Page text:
Institutional repositories help democratize access to older research

Scott Schrage, August 24, 2021

Institutional repositories help democratize access to older research

Welcome to Pocket Science: a glimpse at recent research from Husker scientists and engineers. For those who want to quickly learn the “What,” “So what” and “Now what” of Husker research.

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Though older scientific literature contains seminal theories, discoveries and methodologies that have shaped the contemporary landscapes of many research fields, that research often becomes less accessible as it ages.

Those few who can access it — whether by checking it out from a university library collection or purchasing it at discounts from publishers — are often able to do so because of their physical proximity to it. That can skew access toward people living in relatively developed countries, creating and perpetuating a cycle of information inequity.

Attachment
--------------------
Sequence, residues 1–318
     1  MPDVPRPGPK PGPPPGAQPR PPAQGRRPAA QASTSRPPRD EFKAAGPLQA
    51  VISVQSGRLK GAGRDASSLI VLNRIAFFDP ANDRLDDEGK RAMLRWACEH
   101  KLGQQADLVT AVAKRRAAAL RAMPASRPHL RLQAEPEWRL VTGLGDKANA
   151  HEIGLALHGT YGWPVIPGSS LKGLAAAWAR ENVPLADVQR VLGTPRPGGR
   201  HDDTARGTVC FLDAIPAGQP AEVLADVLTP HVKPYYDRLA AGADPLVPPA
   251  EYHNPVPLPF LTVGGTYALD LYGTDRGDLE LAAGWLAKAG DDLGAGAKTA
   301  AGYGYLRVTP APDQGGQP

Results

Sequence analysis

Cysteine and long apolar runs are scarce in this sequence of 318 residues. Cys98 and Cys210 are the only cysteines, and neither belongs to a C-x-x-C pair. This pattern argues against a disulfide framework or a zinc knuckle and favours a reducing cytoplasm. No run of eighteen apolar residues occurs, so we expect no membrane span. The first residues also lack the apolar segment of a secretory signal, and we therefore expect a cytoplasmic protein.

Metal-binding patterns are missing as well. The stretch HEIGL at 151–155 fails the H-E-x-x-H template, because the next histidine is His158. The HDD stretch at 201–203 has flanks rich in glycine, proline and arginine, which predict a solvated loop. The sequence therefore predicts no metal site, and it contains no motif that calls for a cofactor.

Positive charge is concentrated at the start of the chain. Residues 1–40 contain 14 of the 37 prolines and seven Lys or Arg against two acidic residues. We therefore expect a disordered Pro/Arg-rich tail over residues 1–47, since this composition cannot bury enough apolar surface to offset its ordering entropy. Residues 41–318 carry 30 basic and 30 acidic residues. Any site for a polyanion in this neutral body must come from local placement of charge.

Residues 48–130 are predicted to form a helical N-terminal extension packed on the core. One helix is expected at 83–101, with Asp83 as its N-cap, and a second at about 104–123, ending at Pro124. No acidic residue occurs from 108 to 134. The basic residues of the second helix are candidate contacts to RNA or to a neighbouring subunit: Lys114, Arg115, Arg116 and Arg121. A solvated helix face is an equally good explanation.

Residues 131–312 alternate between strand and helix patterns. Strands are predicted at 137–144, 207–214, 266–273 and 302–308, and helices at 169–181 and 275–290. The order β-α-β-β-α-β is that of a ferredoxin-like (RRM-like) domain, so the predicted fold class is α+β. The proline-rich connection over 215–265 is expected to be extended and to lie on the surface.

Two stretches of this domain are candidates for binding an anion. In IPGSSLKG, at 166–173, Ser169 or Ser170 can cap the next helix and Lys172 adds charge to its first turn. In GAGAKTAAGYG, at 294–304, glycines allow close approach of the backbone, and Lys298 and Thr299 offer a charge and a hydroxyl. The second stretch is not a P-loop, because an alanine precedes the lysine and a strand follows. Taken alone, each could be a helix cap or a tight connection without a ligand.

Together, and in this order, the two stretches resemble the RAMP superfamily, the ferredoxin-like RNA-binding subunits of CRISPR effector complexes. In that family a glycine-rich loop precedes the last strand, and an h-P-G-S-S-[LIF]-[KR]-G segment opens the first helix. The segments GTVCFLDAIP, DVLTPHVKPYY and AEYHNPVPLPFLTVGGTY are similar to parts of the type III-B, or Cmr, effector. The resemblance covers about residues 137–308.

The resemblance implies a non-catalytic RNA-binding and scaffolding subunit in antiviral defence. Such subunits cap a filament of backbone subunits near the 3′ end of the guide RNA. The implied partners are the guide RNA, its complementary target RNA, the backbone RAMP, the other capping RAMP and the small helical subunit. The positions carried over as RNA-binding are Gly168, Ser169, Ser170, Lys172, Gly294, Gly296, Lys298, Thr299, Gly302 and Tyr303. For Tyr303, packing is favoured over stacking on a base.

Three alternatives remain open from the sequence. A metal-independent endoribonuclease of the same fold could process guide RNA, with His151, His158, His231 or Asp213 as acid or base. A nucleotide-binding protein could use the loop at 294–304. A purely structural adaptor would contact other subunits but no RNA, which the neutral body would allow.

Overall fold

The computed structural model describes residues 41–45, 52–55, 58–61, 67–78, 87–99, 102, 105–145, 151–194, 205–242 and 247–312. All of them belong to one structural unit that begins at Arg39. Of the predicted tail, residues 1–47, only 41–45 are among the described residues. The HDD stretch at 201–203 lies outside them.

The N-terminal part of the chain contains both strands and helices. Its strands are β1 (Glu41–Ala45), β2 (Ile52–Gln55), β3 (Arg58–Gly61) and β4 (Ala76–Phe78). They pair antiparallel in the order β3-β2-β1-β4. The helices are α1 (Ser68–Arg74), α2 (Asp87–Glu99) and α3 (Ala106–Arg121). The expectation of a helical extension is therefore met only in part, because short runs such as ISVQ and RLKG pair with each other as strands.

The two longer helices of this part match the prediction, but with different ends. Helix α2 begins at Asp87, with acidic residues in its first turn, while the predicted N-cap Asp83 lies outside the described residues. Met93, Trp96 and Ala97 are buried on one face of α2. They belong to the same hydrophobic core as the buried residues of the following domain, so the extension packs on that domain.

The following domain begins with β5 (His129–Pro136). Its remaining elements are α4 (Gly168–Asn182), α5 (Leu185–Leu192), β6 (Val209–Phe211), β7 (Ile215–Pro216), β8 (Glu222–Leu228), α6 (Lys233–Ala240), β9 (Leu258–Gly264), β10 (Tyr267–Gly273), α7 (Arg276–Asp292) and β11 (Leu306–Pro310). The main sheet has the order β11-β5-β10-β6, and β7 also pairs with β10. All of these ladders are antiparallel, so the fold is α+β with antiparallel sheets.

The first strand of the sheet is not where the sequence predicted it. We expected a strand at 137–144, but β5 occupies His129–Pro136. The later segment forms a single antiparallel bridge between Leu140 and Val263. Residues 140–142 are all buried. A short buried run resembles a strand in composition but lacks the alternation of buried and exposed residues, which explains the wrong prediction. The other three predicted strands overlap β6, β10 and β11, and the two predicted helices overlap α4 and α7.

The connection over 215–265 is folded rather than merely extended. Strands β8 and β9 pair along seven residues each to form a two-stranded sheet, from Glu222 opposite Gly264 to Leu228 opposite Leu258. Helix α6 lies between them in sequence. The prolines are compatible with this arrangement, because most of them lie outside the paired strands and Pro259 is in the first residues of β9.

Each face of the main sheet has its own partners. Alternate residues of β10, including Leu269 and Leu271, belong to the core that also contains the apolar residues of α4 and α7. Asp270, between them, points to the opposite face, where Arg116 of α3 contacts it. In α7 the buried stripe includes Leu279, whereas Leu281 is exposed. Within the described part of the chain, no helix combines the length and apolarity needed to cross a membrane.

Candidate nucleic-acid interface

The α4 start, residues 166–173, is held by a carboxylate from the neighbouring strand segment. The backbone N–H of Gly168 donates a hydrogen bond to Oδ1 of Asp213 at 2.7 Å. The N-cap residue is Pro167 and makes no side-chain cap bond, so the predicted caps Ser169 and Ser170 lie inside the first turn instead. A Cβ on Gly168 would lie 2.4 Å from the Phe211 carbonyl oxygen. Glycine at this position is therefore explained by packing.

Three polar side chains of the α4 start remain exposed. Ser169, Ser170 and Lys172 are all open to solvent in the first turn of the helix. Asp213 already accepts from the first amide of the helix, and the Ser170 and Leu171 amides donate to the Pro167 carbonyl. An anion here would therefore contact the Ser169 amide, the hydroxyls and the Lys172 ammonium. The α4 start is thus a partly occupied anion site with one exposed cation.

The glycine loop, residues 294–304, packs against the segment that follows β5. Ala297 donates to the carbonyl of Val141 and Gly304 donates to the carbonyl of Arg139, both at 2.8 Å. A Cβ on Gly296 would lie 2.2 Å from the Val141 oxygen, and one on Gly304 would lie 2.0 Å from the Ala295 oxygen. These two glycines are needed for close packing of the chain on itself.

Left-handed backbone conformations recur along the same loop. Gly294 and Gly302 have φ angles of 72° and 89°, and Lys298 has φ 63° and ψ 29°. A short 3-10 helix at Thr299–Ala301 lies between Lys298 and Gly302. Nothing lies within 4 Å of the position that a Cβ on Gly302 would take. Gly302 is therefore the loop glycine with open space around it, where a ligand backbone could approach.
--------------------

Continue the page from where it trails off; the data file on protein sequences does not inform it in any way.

So what?

Sue Ann Gardner, Paul Royster and Linnea Fredrickson help manage the University of Nebraska–Lincoln’s Digital Commonsa globally recognized online repository whose 119,000-plus full-text entries have been downloaded more than 74 million times since 2005.

The trio decided to examine the potential value of republishing scientific literature in institutional repositories, using the Digital Commons at Nebraska as a case study. To do it, the Husker team analyzed the number and location of downloads from four series of research literature: Insecta Mundi, Nebraska Bird Review, Transactions of the Nebraska Academy of Sciences, and research materials from the University of Nebraska State Museum.

As of late February 2021, the 3,859 entries in those four series had been downloaded more than 1.25 million times — about 325 times per item. Roughly 31% of those downloads, which spanned all seven continents, originated from countries designated as either low- or middle-income by the World Bank.

Now what?

The findings suggest that continuing to make older research literature freely available via the online repositories of universities and colleges can help expand and democratize access to that research, the team said.